Dr. Nate Traaseth
“Structural Studies of Small Multidrug Resistance Membrane Proteins by Oriented and Magic-Angle-Spinning Solid-State NMR Spectroscopy in Lipid Bilayers”
Fuji Japanese Sushi & Seafood
1345 US Rt 1, North Brunswick, NJ 08902
Please note that Pathmark is no more.
Fuji is on US 1 Southbound.
6:00 pm Dinner
7:00 pm Seminar
Dinner cost: $15 ($5 for student, postdoc or retired).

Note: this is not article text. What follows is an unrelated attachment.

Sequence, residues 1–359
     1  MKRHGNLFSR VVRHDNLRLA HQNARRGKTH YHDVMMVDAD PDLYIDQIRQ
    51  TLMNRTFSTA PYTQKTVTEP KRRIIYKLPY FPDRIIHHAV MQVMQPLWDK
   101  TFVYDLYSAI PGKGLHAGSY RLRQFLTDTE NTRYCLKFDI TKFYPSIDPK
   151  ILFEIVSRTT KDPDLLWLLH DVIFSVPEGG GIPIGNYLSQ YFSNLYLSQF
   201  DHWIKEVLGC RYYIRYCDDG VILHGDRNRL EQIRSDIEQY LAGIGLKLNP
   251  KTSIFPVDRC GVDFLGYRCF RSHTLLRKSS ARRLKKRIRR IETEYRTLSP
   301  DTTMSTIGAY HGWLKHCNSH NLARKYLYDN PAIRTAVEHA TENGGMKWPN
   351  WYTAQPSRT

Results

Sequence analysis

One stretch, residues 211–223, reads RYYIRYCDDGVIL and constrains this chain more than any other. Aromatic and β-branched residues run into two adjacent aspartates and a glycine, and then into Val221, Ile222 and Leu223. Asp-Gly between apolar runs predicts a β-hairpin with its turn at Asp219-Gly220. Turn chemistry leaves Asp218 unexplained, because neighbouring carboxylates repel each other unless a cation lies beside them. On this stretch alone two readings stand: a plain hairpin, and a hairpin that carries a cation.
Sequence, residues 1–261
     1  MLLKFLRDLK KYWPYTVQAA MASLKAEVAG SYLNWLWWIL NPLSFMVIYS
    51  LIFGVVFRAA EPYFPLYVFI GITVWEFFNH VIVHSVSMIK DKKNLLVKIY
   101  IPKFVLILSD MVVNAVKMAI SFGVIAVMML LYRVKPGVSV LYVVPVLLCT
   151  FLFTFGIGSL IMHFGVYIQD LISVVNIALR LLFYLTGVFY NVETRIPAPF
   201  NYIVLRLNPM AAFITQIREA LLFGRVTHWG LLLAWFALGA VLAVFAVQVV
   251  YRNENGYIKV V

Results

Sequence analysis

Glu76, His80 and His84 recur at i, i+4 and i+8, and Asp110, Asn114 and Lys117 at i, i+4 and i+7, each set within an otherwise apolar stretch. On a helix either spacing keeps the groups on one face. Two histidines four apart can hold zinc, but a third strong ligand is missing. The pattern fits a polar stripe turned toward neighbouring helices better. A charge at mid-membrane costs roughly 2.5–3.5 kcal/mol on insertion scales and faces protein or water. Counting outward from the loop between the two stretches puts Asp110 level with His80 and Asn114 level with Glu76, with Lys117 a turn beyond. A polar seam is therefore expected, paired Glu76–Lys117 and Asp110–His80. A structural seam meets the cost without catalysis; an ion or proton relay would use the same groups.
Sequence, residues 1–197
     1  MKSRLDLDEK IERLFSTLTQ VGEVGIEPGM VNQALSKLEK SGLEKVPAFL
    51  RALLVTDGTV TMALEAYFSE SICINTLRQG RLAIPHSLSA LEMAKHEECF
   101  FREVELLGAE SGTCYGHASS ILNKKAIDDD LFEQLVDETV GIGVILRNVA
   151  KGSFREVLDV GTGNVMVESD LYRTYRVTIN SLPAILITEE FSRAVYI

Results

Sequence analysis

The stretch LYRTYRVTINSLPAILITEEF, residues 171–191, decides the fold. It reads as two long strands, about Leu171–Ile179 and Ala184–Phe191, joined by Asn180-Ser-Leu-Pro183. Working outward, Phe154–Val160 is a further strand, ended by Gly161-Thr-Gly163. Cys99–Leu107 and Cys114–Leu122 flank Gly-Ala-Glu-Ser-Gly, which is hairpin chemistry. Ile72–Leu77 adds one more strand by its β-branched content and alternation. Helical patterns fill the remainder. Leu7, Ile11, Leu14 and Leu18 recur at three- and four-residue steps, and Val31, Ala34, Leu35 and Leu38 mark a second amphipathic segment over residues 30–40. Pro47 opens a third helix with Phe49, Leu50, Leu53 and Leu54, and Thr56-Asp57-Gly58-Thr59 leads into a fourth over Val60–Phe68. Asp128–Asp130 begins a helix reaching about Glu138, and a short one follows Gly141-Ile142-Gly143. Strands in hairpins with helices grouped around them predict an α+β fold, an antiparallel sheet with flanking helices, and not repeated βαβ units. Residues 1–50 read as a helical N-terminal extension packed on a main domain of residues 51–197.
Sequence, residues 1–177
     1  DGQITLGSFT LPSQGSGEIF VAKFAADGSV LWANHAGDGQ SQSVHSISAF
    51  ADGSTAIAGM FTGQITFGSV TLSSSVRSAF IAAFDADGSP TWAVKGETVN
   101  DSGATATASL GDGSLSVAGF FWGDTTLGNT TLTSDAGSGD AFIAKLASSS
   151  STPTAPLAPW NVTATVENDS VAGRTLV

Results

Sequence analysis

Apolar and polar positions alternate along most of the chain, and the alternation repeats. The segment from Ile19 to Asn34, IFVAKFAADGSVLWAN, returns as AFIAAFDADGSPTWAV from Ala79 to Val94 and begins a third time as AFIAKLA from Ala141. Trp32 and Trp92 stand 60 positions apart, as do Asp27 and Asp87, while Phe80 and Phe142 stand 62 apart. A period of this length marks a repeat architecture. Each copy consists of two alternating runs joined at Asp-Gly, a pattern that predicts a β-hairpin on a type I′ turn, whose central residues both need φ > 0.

Multidrug resistance (MDR) is a pervasive clinical problem that reduces the effectiveness of treatment against bacterial infections, viral infections, and cancer. Efflux of drugs across the lipid bilayer by MDR membrane protein transporters is one way in which resistance is conferred to the host organism or cell. To derive a structure/function relationship for this class of proteins, our study uses the small multidrug resistance (SMR) family as a model system for deciphering the mechanism of transport with the long-term goal of decoding the evolutionary importance of the transporter family. We used solid-state NMR (SSNMR) spectroscopy to study the topology and structure of EmrE in liposomes (magic-angle-spinning or MAS) and magnetically aligned lipid bilayers (oriented SSNMR or O-SSNMR). The MAS experiments were used to map chemical shift perturbations upon drug binding while the O-SSNMR experiments revealed the change in helix orientation upon binding and transport. Together these complementary techniques showed that drug binding perturbs both the structure of EmrE as well as the helical orientations with respect to the lipid bilayer.